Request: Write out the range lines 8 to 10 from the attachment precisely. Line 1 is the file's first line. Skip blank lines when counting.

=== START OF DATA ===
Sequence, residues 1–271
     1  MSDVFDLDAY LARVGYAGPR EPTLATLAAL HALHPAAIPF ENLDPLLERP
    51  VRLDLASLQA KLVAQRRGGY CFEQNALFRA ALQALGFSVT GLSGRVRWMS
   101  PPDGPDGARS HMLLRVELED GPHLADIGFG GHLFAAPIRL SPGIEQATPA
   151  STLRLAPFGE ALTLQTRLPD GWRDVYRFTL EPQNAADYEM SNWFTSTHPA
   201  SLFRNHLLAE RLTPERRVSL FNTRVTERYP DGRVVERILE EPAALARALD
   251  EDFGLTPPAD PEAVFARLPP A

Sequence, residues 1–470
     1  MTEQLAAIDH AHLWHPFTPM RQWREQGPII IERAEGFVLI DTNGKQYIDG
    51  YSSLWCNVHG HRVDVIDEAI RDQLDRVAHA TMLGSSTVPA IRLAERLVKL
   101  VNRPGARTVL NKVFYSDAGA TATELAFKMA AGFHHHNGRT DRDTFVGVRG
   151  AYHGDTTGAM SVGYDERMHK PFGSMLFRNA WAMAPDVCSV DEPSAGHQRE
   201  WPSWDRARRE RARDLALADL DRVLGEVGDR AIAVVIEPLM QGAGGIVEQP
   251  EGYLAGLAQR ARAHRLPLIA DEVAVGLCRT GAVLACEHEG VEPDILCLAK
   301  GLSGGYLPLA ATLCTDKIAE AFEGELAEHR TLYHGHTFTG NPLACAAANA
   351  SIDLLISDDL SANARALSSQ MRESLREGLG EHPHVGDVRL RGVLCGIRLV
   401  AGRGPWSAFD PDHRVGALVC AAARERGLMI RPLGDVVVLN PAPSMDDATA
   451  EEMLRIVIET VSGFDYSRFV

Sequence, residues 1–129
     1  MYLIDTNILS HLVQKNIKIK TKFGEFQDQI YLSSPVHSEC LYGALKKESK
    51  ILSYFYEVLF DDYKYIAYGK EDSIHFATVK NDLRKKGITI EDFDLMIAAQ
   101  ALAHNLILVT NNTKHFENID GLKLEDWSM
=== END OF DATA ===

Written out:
Sequence, residues 1–470
     1  MTEQLAAIDH AHLWHPFTPM RQWREQGPII IERAEGFVLI DTNGKQYIDG
    51  YSSLWCNVHG HRVDVIDEAI RDQLDRVAHA TMLGSSTVPA IRLAERLVKL